[credit provider=”mlabowicz” url=”http://www.flickr.com/photos/sirmikester/2479652965/”]
Google is one of the best places to work on Earth.Motorola Mobility, the company with 19,000 employees that Google just bought for $12.5 billion, is not.
Not even close.
According to Glassdoor.com, a site where employees review their workplace, Google employees give CEO Larry Page a 96% approval rating.
As a place to work, Google employees rate the company as a 4 on a scale from 1 to 5.
Meanwhile, Motorola Mobility CEO Sanjay K. Jha has an approval rating of just 50%. Employees give the place a 2.6 out of 5.
Here’s a sampling of some of the most helpful and recent comments from Motorola Mobility employees on Glassdoor.com.
- “flexible hours, good benefits, you work on cool products”
- “you can find some people who created this industry. i was lucky to have worked with a few of them. some folks still are the best in industry.”
- “Working from home seems to be permissible across the board. Individuals you meet are not representative of the headline statement.”
- “interseting challenges, cutting edge technology, competent staff, develop good working relations with co-workers”
- “Very smart people in engineering and management. Generally good people to work with on cool technology. Starting salaries are generally good.”
- “good place to work for. Great work from home option. gym at work, in house cafe teria lively environment and people”
- “Many talented hardware engineers with lots of experiences. 22 days vacation days for new hire. Daycare in the facility is very convenient. Results oriented company. Get to work on cutting edge products and see them on the market.”
- “Motorola has good brand recognition with a strong brand following. There is room for growth with the success of Android as a viable platform which Motorola should be able to leverage well. If you take the time to network, there are some great people and resources in Motorola.”
- “Supervisors provide excellent, detailed and structured feedback at regular intervals. Real opportunity to undertake new projects based on success on previous assignments.”
- “Some scope to learn things, but not really good for career advancement”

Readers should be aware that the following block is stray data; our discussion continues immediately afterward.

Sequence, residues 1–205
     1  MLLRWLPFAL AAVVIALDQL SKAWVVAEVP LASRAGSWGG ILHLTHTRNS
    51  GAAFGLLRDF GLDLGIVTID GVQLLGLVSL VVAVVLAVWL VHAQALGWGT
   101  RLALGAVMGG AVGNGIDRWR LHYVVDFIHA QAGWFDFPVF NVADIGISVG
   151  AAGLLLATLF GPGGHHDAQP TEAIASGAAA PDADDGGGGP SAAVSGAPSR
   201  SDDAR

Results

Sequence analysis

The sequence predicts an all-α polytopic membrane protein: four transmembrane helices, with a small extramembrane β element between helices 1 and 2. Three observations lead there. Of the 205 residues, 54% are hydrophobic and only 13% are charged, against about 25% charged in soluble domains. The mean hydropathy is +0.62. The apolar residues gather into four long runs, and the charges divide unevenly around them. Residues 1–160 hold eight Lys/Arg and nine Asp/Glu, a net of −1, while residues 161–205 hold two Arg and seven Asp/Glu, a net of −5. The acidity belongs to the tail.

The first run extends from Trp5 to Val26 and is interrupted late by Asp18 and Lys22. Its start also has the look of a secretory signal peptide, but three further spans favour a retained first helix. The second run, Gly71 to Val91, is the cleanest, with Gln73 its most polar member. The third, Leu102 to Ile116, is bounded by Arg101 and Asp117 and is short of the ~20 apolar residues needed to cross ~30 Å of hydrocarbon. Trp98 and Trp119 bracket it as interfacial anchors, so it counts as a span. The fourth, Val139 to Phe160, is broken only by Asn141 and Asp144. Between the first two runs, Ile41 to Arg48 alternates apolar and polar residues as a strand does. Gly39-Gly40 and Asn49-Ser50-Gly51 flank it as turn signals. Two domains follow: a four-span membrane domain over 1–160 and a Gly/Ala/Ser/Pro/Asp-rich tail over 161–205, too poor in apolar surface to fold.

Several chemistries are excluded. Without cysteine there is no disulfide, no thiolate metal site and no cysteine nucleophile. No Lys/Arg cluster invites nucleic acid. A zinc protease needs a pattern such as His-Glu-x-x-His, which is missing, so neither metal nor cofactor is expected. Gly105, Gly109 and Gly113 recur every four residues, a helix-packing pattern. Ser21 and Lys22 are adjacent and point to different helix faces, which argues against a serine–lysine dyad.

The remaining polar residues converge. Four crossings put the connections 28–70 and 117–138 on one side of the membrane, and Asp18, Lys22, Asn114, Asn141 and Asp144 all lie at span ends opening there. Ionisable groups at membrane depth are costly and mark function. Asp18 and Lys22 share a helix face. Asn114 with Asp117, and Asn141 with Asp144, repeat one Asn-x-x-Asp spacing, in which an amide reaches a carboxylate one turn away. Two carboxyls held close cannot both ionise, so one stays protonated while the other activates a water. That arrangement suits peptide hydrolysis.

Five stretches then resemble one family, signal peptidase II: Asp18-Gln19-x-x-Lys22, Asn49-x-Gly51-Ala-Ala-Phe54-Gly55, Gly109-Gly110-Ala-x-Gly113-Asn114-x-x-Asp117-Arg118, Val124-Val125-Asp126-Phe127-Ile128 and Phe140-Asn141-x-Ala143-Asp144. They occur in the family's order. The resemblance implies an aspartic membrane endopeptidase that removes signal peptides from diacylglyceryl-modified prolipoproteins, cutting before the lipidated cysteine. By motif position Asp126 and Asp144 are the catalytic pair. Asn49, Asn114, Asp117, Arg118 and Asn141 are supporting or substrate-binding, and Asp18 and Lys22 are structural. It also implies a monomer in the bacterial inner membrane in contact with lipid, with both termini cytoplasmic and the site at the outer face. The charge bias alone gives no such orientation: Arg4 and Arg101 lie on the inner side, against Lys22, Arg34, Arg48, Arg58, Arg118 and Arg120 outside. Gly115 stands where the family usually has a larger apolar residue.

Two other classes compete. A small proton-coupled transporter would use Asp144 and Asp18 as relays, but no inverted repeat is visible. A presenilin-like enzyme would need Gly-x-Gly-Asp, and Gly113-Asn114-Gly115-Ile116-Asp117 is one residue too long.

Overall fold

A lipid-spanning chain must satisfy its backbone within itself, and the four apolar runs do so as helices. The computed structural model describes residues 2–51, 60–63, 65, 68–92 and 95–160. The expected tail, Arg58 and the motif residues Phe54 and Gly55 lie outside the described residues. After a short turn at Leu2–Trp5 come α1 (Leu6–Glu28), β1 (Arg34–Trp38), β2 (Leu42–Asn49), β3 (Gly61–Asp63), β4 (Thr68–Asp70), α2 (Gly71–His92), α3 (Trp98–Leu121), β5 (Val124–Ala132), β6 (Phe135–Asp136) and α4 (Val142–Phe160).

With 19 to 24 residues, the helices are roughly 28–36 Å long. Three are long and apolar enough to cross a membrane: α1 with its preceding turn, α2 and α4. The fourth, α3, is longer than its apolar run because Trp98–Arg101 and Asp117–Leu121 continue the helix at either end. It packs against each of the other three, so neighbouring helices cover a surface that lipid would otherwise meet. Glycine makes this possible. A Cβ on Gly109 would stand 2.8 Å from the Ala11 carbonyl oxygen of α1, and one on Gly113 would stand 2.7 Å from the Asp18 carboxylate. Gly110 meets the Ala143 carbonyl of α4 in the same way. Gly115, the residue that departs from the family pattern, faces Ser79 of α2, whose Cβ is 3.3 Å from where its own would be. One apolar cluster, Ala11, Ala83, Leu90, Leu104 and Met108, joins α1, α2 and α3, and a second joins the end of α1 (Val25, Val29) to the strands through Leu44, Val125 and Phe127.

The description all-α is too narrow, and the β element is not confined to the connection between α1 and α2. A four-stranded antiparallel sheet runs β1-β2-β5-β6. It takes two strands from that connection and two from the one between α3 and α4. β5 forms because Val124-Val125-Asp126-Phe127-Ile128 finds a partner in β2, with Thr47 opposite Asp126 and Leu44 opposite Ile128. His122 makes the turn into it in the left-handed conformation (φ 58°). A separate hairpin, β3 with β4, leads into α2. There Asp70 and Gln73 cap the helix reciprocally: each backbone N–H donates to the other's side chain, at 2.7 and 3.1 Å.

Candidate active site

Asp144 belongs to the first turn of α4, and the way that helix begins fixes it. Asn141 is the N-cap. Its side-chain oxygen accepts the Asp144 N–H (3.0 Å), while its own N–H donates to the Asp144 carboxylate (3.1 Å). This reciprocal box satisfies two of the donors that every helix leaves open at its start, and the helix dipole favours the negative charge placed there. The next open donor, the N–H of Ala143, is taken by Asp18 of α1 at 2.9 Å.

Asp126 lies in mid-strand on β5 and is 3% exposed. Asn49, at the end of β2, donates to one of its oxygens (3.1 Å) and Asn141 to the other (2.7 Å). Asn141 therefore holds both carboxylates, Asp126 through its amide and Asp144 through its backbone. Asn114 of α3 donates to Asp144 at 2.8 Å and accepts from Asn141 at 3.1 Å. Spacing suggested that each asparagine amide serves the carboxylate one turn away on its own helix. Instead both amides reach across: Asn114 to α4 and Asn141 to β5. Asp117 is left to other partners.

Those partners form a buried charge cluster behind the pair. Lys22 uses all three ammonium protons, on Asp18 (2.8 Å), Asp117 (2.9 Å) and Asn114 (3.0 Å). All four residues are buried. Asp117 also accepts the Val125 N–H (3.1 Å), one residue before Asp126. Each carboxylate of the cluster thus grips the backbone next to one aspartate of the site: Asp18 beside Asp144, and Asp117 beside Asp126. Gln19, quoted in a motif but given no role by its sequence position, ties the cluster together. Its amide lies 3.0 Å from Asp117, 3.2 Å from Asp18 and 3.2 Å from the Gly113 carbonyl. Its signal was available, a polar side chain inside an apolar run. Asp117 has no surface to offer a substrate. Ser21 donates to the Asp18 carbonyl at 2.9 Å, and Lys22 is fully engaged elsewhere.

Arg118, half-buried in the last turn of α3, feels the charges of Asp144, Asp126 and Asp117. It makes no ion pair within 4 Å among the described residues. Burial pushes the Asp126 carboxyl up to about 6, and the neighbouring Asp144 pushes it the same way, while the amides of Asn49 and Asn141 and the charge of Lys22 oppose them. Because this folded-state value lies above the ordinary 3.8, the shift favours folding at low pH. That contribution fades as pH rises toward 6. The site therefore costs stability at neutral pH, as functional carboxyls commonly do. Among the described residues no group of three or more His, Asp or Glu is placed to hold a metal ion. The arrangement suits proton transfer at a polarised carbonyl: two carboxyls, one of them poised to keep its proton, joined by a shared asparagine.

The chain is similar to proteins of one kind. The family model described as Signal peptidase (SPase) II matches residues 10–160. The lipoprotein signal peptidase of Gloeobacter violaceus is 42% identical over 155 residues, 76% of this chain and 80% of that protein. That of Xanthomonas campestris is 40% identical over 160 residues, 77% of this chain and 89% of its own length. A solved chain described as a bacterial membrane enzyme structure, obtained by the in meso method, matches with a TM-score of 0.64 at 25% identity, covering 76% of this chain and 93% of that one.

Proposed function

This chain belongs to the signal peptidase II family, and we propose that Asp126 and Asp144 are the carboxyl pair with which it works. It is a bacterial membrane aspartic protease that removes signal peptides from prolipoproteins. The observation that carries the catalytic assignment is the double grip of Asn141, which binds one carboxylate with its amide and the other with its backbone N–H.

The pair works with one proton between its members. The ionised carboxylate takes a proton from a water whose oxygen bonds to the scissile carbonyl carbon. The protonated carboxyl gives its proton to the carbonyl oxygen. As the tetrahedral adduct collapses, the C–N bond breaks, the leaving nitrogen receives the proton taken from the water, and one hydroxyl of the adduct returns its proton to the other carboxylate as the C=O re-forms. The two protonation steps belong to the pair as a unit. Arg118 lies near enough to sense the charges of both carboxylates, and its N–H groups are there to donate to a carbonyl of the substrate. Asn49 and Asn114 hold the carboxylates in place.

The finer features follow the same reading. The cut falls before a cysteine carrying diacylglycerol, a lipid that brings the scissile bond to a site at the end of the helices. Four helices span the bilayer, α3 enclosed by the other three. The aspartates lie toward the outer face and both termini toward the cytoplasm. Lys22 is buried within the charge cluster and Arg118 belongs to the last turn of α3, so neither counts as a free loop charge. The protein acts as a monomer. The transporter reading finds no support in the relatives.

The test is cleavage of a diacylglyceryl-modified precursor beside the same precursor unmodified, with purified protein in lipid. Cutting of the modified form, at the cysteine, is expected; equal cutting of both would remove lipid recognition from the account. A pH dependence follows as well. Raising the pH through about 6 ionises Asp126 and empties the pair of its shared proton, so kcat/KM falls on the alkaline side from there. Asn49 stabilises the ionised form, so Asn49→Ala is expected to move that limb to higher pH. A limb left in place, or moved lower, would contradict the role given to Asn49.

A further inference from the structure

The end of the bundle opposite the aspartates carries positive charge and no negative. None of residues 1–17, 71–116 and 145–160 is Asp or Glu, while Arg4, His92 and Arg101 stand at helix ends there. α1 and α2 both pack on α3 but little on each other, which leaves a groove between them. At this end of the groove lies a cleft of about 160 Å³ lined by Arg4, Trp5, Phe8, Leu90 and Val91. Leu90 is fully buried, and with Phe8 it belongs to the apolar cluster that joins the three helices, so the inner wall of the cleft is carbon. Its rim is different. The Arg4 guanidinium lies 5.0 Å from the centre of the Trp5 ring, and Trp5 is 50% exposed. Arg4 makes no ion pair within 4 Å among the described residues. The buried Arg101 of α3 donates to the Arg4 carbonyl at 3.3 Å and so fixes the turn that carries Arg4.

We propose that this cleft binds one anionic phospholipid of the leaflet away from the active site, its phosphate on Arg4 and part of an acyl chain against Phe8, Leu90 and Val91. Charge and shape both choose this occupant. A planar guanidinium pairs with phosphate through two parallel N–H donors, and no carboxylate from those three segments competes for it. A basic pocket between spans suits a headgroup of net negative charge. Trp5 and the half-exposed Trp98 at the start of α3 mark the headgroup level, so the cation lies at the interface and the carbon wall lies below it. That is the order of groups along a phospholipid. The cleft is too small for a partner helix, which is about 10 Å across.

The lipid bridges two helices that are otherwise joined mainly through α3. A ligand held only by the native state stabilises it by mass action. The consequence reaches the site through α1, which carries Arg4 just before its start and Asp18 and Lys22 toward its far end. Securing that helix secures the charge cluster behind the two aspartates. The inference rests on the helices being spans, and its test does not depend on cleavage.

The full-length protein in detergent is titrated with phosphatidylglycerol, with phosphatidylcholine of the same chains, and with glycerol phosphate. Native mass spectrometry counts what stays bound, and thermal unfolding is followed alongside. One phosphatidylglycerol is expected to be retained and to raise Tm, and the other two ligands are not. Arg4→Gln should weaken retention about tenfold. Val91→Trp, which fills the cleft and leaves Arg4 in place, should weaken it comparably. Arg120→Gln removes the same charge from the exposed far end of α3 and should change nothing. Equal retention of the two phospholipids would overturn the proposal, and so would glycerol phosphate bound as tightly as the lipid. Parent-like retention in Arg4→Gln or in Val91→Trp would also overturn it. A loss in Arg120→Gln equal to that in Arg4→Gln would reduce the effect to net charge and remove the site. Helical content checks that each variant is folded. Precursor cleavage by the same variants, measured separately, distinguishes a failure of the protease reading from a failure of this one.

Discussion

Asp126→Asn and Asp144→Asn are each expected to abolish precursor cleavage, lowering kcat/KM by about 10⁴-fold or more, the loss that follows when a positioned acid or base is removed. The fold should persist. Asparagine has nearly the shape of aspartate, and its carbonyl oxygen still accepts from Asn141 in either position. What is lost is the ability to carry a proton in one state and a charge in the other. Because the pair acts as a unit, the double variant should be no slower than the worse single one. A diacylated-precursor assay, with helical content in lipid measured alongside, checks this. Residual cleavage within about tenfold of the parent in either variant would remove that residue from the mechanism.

- “Lack of clear strategies/vision in some groups. And layoffs every few months.”
- “Fairly high level of uncertainty as a result of the company’s split into two separate companies, communication about this and related matters could be clearer.”
- “Office politics are very important at Motorola often deciding who stays, who leaves, who gets promoted and who doesn’t. I’ve seen the good ones let lose while those doing things not in the company’s best interest, kept on.”
- “Too many bureaucratic processes. Lack effort in people development.”
- “low salary.. Every business has it’s own style..people dressed in business casual.. If you think you even remotely qualify for a job at Motorola, you should apply”
- “Things tend to become unravelled as commitments made by senior leadership to carriers and the market cause breakdowns in order. Portfolio planning in non-existent. Corporate VPs are often unwilling to make decisions or tough trade-off decisions with a direct order from the CEO. Communication with the business is often poor, to the detriment of the products and completeness of Motorola’s offerings.”
- “Extremely poor senior management that is not in-touch with reality at ground level. Too many private agendas pulling in different directions and as a result cannot have focused effort towards common goals. Much talk about team efforts and this exists amongst some development teams but not a higher levels.”
- “Poor benefits. General low morale. Salary “not competitive” with industry. Advancement opportunities are very limited unless you have a very strong network of contacts.”
- “unfair promotion. excessive politics. quarterly layoffs, frequent reorgs, project cancellations and some groups are led by absolutely incompetent people who, as shakespeare had said, “had greatness thrust upon them”. and are unable to handle the responsibility being so doused with their newfound promotion. multimedia group, case in point. its best to avoid that group. people leaving from his group every week and the leader unable to see who’s mistake it is. but then some other groups are really a great place to work – dsp, modem and chipset architecture. so, choose wisely – is my advice.”
- “Flexible hours means all hours”